A Study of Chinese Boycotts, with Special Reference to Their Economic Effectiveness

By C. F. Remer; William B. Palmer | Go to book overview

CHAPTER VII
A BOYCOTT OVER THE SHANTUNG QUESTION 1919-21

THE BEGINNING OF THE BOYCOTT AND THE STUDENT STRIKE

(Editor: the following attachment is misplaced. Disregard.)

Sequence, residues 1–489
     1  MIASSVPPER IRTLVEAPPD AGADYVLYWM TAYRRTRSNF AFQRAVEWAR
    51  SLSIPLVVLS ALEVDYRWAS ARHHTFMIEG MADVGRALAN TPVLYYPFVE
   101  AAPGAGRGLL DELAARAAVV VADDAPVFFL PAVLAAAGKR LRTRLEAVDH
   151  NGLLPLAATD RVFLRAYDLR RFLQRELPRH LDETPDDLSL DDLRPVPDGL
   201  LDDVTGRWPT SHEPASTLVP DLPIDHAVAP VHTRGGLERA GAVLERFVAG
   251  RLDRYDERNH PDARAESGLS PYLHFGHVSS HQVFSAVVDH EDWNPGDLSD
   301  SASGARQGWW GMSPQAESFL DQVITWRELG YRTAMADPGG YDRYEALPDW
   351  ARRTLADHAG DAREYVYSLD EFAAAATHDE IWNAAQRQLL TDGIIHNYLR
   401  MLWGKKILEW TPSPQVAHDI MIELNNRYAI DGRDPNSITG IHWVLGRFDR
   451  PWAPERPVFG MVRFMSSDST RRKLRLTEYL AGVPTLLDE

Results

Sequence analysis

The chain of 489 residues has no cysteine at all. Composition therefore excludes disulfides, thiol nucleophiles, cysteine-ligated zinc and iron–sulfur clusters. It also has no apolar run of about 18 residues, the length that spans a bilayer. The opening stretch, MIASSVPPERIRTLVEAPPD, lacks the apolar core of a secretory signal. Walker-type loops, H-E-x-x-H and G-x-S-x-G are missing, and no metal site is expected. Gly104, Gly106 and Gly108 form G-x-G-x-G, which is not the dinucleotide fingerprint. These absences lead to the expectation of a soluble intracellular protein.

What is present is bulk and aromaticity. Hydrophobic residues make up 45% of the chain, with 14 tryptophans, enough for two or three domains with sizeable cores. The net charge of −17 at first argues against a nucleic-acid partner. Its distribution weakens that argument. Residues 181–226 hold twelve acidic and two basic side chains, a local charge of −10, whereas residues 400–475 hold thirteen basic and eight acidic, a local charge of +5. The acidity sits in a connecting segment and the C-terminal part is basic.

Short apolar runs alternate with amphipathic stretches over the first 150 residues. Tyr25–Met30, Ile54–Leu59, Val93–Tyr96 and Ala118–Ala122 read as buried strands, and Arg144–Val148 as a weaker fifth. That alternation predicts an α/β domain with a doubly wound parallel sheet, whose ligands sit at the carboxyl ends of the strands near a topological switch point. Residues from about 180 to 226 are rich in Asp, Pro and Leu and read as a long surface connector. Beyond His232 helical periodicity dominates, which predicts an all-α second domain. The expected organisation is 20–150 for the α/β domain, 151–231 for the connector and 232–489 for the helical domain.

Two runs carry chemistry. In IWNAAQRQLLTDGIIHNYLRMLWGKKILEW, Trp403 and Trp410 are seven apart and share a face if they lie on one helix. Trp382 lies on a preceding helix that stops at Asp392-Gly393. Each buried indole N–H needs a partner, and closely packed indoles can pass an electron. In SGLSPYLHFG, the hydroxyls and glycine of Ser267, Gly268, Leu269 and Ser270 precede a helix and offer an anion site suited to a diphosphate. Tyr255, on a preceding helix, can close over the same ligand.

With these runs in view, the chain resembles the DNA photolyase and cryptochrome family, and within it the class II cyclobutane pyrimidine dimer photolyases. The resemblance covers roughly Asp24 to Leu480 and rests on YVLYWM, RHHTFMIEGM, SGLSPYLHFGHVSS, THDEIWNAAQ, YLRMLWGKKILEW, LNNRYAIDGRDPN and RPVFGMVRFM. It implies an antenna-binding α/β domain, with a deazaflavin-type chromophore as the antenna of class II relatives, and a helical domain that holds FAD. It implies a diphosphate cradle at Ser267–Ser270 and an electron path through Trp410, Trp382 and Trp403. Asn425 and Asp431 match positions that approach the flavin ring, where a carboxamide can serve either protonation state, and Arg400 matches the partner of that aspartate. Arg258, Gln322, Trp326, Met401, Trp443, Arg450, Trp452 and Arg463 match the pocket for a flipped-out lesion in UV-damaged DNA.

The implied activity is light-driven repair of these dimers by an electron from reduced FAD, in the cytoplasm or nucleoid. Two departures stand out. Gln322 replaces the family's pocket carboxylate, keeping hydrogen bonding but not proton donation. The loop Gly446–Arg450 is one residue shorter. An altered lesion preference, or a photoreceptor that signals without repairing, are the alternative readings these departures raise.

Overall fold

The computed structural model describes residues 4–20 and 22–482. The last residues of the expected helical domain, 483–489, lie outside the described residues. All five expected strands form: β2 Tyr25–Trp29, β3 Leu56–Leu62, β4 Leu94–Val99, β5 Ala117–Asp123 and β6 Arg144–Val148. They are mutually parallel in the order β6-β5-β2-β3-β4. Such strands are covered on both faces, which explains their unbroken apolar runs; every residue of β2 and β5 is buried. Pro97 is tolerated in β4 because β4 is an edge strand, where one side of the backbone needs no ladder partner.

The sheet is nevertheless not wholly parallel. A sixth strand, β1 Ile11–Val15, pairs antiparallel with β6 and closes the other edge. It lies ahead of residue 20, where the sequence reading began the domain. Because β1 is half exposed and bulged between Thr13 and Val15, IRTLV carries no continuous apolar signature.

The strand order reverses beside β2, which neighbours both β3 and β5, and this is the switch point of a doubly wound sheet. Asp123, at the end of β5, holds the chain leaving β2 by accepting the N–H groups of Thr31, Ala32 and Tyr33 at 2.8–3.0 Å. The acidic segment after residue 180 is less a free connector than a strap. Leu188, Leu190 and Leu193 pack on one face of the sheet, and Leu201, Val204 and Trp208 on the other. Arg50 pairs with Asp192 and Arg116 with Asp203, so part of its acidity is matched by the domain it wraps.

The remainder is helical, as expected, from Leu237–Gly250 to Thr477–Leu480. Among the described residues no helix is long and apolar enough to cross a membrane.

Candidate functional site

The anti-Japanese boycott, which was waged intermittently from May of 1919 through 1920 and 1921, has several characteristics which distinguish it from previous boycotts. In the first place, it was a movement which was initiated by students and which depended chiefly upon students for its perpetuation. Earlier boycotts, although supported by student organizations, had been backed in the main by Chambers of Commerce and similar organizations In the second place, it received much more effective support from consumers, due to extensive propaganda by student organizations, than had the previous anti-Japanese movements.1 A third feature was the association of this boycott with a general popular movement which had as its chief aim the removal from the Chinese government of certain "corrupt" officials. It was called by one writer a "moral awakening" and he pictured a combination of all classes for the purpose of purging the government.2 During the earlier phases of the movement the students were more interested in a reform of the Peking government than in actively supporting the boycott, but it seems unquestionable that their attention was later concentrated upon making the boycott effective. Another characteristic was the great enthusiasm and the emotional fervor with which the movement was undertaken. The newspaper accounts of the time carried the information that two students drowned themselves in a patriotic endeavor to awaken public opinion,3 and that a student in Tientsin tried to kill himself by knocking his head against the stone pillars of the Chamber of Commerce building in that city because of the apathy with which the mer

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